Eusebio joined the club Benfica and took the side to European Cup title in 1962. He made his international debut for Portugal in 1961 and soon became a key member of the squad. With Eusebio in the squad, the national side began winning matches on a more regular basis and got counted as one of the teams to watch out for during the 1966 World Cup.
Portugal was drawn in the same group as Brazil, the reigning champions, during the World Cup and started out in style winning all their pool matches. In the match against Brazil, Eusebio scored twice, including a goal from near zero angle, to seal a memorable win. Portugal faced North Korea in the quarterfinal and found themselves down 0-3 within 25 minutes after starting the game. However, Eusebio led a fightback, scoring two goals in reply before half-time. He followed this by netting couple of goals more to take his individual tally to four, while his side won the match 5-3.
In the semifinals against England, Eusebio scored the only goal, even as his side lost 1-2. The loss so disappointed Eusebio that he walked off the field in tears after the final whistle was blown. In the tie for the third place against USSR, Eusebio scored again, this time through a penalty, despite the opponent’s goal being manned by Lev Yashin, one of the greatest goalkeepers of all time. He was awarded the “Golden Boot” for scoring the maximum number of goals in the championship and his performance won such acclaim and appreciation that he was inducted straightaway into the “Hall of Fame” at Madame Tussauds, the famed wax museum.
Eusebio passed away in 2014 after a brief illness. His mortal remains were interred in the “Pantheon” in Lisbon, where many prominent national leaders are buried. He is the only sports personality to be bestowed this honour in Portugal till date.
Holland figured in the finals of World Cup championship on two occasions - in 1974 and 1978 - but were not destined to win the Cup. Their performance in these two editions of the championship stand out, in stark contrast, with their show on other occasions, which has been, by and large, lacklustre. Johan Cruyff stands as the reason behind the success enjoyed by this country during the 1970s as he, along with his mates, demonstrated a new concept titled “total football” successfully in front of the entire world.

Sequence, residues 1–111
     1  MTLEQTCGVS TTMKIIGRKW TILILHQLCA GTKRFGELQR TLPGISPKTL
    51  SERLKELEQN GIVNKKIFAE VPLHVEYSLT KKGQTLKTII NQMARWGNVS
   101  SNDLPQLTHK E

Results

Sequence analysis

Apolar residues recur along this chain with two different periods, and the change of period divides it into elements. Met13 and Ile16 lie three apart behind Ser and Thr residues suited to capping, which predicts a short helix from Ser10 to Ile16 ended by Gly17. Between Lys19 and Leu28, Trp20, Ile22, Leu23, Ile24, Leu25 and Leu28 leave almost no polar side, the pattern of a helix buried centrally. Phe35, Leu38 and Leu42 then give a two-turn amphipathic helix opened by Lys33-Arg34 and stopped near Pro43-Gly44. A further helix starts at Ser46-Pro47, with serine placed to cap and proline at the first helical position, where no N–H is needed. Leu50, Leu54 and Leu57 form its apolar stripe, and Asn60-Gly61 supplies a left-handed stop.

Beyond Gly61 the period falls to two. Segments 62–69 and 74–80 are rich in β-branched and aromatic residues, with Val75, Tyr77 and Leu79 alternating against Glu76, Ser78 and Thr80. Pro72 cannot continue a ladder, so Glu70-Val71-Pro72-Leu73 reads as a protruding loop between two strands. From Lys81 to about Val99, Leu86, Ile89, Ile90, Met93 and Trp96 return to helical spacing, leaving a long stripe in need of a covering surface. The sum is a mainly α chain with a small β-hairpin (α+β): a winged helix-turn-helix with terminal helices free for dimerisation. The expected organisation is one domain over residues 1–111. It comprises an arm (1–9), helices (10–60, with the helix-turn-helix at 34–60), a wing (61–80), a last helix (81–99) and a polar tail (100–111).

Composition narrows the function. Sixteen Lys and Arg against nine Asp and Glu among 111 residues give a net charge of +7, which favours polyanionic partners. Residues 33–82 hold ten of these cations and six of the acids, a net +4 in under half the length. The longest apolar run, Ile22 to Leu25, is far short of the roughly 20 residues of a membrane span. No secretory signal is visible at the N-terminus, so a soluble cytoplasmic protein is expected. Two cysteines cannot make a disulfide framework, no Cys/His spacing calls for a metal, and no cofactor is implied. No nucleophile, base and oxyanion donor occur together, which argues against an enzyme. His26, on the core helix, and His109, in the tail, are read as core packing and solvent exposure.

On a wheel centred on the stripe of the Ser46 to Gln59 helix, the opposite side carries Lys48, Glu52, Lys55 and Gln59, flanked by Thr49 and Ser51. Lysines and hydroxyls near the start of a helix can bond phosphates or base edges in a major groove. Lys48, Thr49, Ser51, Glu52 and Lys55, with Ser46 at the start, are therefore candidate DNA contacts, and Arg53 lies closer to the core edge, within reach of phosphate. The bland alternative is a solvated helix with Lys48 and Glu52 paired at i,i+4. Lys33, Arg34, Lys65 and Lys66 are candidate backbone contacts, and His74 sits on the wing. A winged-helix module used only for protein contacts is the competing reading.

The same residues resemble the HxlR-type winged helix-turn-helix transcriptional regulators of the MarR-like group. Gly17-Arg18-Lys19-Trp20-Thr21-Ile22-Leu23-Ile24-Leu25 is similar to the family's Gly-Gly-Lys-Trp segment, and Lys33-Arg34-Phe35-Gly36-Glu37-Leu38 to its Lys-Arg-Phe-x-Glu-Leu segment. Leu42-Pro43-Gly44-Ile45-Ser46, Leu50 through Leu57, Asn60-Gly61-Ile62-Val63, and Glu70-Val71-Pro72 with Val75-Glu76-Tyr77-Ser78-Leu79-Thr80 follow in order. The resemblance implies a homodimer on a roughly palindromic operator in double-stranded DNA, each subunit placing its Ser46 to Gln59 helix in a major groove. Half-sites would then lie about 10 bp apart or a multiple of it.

Cryuff was born in Amsterdam, a few blocks away from the home of “Ajax”, the football club that he joined the age of 10. He gradually moved though the ranks to their senior side and was instrumental in this club winning the European Cup in 1971 and 1972. He was hired by Barcelona the following year for a record signing fee of USD 2 million, following which he shifted to Spain. He was awarded the title of European Footballer of the year in 1973.
Holland started the 1974 World Cup as one of the more fancied sides, mainly due to the presence of Cruyff in their ranks. The side sailed into the finals beating such top sides as Argentina (4-0), East Germany (2-0) and Brazil (2-0). In the finals, Holland scored in the very first minute through a penalty kick after Cruyff was brought down inside the box. When John Neeskens placed the penalty kick into the goal, none of the German players had even touched the ball. However, Germany recovered and managed to score through Paul Breitner and Gerd Mueller, to win the coveted trophy.
Though Holland lost the finals, their style of play, which was christened as “total football” won admirers across the globe. In this concept, any outfield player can take over the function of any other player equally effectively. Thus, even though Cruyff was designated as the centre-forward, he would occasionally drop deep or move over to the wings. Similarly wing-backs would move up the field while midfielders would drop back. Cruyff believed that it was essential for players to interchange positions so that sufficient space can be created for launching of attacks on the rival’s defences. Cruyff was blessed with superb ball sense, could dribble the ball beautifully, and also execute perfect passes. It was Cruyff’s brilliance that formed the backbone behind the success of total football played by Holland.
Cruyff retired from the international arena in 1977 after ensuring that Holland qualified for playing in the next World Cup held in Argentina. He continued playing professional football for clubs before moving over as coach and manager. He breathed his last in 2016, losing a battle with cancer.
Thus, Messi, Ronaldo and Neymar could take heart from the fact that there were many other legends before them who were not lucky enough to be part of the World Cup winning squad. Here is raising a toast to these brilliant geniuses who brought so much cheer and joy to football fans world over, despite not winning the championship.